The following conditions make you more prone to PTSD: – incomplete understanding and mastery of your technique, missing vital information about the patient, being hungry, tired or jetlagged, and being preoccupied with other problems in life i.e. litigations, divorce or fear of loss of loved ones.

I was a psychiatric resident in New York when the Yom Kippur war erupted in Israel. I returned to Israel, my native land, to join the army Medical Force and was posted in a field hospital in the Sinai Desert. There I treated soldiers who suffered mental trauma in the battlefield. I had the opportunity to observe the dynamics of trauma and found a new understanding about how to handle it.

For example, I saw a soldier who was evacuated from the Suez Canal front, which was invaded by Egyptian tanks. He was lying with closed eyes on a stretcher in an embryonic position. I asked him quietly “Where are you?” and he mumbled – “near the bridge!” I asked “what do you see?” and he said “Shells!”

I repeated my question and he responded “I see shells!!!” with a higher emotional intensity. Observing that I asked him to repeat “I see shells” many times; he became agitated and then suddenly calmed down, opened his eyes and asked me: “where am I?”

I learned that he was stuck in a traumatic experience, in a mental image that was more real than where he was at the present. I also learned that I could discharge the image and bring him back to the present time. That was the first step and basic principle in developing my technique for treating mental trauma and PTSD.

The basic therapeutic principle is: – to locate and evoke the traumatic experience, and discharge it by using repetitive commands like “I erase the trauma!”, or “I erase that image!” until it is gone.

The discharge effect resembles erasing a computer file by specific Erase command. The memory of the incident becomes banal and meaningless.

There is a wide spectrum of severity for Post Traumatic Stress Disorder, and elements of it exist in normally functioning individuals who may have traits like being inappropriately angry, irritable, overreacting, emotionally numb or anxious. Those traits can be easily and readily discharged with the Kuhn Technique.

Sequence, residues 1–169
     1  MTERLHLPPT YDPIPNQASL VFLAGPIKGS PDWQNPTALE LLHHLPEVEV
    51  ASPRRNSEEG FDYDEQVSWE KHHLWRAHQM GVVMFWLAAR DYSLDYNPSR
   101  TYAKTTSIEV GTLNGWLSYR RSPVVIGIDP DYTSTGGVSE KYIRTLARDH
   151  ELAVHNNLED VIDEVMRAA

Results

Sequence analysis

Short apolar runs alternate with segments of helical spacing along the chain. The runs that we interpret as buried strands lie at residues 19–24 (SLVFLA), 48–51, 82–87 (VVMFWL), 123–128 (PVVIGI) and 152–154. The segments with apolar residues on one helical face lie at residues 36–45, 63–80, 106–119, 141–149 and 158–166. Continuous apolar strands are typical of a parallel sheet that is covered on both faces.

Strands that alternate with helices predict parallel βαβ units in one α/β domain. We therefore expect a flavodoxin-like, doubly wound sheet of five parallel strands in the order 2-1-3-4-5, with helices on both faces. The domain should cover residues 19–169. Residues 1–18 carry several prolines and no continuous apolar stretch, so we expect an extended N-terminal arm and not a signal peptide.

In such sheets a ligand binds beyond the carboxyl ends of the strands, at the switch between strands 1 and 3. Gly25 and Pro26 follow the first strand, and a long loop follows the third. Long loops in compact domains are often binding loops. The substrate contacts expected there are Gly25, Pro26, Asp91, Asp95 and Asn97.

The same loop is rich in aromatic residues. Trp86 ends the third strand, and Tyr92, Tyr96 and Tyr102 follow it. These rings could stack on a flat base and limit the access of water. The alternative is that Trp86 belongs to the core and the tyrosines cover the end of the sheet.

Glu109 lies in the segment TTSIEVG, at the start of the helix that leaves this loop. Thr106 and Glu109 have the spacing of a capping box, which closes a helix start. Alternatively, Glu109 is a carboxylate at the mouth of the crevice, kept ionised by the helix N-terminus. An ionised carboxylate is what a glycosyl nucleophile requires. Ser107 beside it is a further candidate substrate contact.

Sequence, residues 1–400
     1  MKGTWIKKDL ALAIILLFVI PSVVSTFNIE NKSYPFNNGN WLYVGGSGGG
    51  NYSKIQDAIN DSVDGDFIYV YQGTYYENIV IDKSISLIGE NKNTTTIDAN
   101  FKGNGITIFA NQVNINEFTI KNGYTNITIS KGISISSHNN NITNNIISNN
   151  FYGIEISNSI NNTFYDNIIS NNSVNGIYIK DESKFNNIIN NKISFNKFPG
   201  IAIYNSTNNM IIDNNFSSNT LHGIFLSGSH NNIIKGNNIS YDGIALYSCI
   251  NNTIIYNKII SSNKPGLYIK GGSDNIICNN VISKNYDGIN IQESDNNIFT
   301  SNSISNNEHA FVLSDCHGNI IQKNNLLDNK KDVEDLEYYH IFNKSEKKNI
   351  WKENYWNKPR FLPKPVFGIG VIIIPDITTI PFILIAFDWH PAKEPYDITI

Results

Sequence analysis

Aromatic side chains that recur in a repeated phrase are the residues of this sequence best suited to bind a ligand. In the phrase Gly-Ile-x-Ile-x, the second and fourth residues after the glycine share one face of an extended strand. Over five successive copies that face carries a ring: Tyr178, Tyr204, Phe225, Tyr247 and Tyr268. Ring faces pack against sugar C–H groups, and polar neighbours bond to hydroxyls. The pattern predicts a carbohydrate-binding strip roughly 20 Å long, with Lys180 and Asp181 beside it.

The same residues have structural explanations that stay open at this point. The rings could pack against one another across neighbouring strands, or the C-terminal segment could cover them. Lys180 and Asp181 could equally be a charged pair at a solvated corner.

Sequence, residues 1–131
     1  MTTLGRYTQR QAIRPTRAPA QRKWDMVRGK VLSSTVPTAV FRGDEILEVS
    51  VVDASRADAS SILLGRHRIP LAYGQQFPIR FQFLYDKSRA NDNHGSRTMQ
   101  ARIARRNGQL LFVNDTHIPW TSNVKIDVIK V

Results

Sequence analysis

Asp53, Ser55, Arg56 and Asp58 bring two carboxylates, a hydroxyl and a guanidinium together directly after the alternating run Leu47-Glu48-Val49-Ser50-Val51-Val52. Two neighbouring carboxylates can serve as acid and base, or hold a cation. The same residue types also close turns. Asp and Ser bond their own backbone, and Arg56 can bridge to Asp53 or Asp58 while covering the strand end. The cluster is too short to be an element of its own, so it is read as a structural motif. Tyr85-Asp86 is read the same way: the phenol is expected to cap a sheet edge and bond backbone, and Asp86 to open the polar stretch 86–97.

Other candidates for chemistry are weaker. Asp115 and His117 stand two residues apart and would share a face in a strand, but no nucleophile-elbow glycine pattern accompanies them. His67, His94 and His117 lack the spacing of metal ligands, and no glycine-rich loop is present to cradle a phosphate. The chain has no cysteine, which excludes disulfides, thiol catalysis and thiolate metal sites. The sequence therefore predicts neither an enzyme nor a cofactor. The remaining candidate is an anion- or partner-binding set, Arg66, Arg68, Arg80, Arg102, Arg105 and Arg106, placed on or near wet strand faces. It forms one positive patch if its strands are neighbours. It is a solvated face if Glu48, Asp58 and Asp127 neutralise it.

Most people respond to the process in one to two sessions.

The process is not intrusive and does not cause much discomfort because the individual does not struggle with it while being trapped in it. The individual maintains good control of what he wants to share with others during that process.

I have never seen over many years any negative effects caused by applying the technique. The repetitive command may be repeated as few as 10 times or as many as one or two hundred times. At the time of a release the words are not associated anymore with an experience and become meaningless and the individual’s attention is free, he is extroverted and present, and his breathing becomes deeper and free.

The KT is not defined as a form of psychotherapy that relies on conversation; recover through the search for understanding or relying on interpretation, opinions, evaluation and transference.

It can be summarized by selected two basic repetitive processes/commands:

1. I erase the (negative XYZ) me; (To erase negative identities/mental constructs)

2. I AM! (To attain a free state of being)

For further questions or assistance please contact Dr. Kuhn.

Presentation Photos

The following are photographs of Dr Kuhn presenting to the Society of Laparoscopic Surgeons in Boston, Sept 1st, 2016.